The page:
Viral has been around for years in the form of word-of-mouth, now it’s gone digital it means the speed at which the ’word’ spreads is much quicker and trends are much more noticeable. Noticing these trends, brands are now realising that they should be thinking about this within their campaigns, after all, it’s free…but is it worth it? The answer is yes, if done right.
Wikipedia defines viral marketing as:
marketing techniques that use pre-existing social networks to produce exponential increases in brand awareness, through self-replicating viral processes, analogous to the spread of a computer virus. It can often be word-of-mouth delivered and enhanced online; it can harness the network effect of the Internet and can be very useful in reaching a large number of people rapidly.
Or how about a simpler version:
Compelling enough to tell someone else about
Increasingly we are seeing companies trying to make it viral for their online and offline marketing campaigns. A lot of these focus on the mechanics of viral, but we think this misses the point entirely. To be truly viral, the idea has to be compelling enough to encourage people to spread the word without being prompted.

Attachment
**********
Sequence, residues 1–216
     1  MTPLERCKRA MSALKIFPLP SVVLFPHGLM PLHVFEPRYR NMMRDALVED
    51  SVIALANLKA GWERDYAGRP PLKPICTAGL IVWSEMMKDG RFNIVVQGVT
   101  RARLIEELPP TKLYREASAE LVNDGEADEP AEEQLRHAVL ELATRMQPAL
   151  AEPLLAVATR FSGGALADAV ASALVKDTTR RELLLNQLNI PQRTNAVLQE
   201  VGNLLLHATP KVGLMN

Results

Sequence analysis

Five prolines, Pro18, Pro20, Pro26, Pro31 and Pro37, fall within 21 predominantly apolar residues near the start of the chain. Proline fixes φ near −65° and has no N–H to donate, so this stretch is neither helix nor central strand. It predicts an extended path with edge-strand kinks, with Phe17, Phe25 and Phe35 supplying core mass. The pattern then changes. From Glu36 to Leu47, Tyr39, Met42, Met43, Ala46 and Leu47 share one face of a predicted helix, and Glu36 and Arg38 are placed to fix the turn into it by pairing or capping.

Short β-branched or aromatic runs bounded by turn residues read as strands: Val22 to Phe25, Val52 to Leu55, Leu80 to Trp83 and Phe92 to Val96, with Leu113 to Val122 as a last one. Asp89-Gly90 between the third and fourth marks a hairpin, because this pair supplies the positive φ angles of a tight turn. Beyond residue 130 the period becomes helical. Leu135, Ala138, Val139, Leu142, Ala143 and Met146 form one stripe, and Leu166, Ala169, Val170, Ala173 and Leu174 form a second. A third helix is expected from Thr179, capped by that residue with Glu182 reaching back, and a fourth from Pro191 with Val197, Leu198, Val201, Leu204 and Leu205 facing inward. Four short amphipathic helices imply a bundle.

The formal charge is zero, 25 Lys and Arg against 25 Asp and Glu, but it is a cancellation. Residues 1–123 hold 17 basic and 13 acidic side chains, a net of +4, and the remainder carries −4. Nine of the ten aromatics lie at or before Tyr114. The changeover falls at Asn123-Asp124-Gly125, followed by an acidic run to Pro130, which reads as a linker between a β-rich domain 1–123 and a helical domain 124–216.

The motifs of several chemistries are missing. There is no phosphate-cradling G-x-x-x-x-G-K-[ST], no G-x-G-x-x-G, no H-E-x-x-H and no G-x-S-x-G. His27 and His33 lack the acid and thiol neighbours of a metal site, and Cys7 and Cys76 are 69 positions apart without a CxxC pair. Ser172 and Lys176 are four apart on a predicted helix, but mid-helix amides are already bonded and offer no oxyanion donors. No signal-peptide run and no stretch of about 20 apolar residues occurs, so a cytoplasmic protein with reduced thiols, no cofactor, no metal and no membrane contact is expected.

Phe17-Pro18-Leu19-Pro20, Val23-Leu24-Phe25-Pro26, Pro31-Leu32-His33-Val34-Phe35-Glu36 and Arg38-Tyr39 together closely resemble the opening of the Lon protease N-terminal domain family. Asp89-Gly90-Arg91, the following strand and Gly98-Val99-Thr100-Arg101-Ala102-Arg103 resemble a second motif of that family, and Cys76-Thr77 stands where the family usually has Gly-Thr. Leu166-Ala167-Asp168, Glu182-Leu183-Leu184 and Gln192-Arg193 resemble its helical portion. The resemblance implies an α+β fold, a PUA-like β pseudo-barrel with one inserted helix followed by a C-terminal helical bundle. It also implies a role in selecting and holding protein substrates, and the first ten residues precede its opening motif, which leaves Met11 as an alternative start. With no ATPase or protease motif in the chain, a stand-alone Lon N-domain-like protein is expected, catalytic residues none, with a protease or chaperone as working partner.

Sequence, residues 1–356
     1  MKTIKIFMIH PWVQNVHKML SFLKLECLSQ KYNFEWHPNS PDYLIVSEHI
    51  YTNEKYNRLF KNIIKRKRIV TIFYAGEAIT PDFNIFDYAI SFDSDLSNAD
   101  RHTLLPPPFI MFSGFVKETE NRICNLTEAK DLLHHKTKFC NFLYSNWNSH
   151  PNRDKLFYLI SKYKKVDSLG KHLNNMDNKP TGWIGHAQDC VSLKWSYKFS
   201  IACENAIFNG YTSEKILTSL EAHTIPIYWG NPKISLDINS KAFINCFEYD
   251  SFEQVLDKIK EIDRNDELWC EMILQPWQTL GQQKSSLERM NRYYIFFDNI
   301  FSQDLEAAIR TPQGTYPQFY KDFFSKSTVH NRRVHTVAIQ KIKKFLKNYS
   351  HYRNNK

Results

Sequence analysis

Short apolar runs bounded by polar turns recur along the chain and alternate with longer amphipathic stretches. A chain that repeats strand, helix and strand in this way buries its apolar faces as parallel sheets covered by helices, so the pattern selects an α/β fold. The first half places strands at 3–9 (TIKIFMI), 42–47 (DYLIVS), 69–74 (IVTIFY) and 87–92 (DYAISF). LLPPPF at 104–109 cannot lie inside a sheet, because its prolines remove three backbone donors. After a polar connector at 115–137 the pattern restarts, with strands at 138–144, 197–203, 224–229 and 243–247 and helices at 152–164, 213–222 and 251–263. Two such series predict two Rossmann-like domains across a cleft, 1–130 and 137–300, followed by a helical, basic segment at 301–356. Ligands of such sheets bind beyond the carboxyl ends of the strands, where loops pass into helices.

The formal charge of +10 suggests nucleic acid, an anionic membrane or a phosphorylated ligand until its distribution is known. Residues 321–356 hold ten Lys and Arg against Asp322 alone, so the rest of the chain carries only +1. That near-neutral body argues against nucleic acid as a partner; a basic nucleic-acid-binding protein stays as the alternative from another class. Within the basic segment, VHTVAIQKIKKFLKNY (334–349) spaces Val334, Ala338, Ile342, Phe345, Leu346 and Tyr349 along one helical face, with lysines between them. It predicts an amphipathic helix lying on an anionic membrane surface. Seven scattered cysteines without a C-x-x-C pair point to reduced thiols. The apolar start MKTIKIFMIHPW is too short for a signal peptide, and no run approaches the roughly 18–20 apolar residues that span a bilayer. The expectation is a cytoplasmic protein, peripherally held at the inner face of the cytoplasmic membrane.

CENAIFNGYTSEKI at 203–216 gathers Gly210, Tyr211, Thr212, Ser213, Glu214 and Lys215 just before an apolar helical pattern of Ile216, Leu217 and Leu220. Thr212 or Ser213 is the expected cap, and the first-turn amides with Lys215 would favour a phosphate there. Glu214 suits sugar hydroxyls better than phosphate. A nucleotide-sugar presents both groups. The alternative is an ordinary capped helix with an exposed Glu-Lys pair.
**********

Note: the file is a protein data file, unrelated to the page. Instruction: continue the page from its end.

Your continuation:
The approach: RealEstate
RealEstate’s concept is to donate space on a big billboard that lots of people drive past. The cause is a good one; promoting awareness of foster homes (hence do something big for kids).
The proposition is that they have hired this billboard. If 100,000 people hit the Do Something Big page on their site by Nov 14, they will donate the billboard space for the remaining rental period. Get your friends to come and click on the page to get to the target earlier.
The approach: Threadless
Threadless’s concept is nothing new : give something away to reward ongoing patronage. If you’re a member, you see the Loves page, where all the current promotions are. The latest of which is 550 free tshirts. For every tshirt you buy, you get an extra entry into the draw. If you take a photo of yourself wearing one of the shirts, you can upload it to the site and earn money towards your next purchase. And if that wasn’t enough, if you refer a friend to the site, and they buy a tshirt, you get even more money off your next shirt.
What worked, what didn’t: RealEstate
1 – Conceptual issues
The idea itself is a nice simple one that ties in well with the brand- helping find homes for kids in need. Perhaps it all started as an idea about running a billboard, and then someone suggested tacking on a viral web strategy thingamejig. You can almost imagine how little improvements were added in: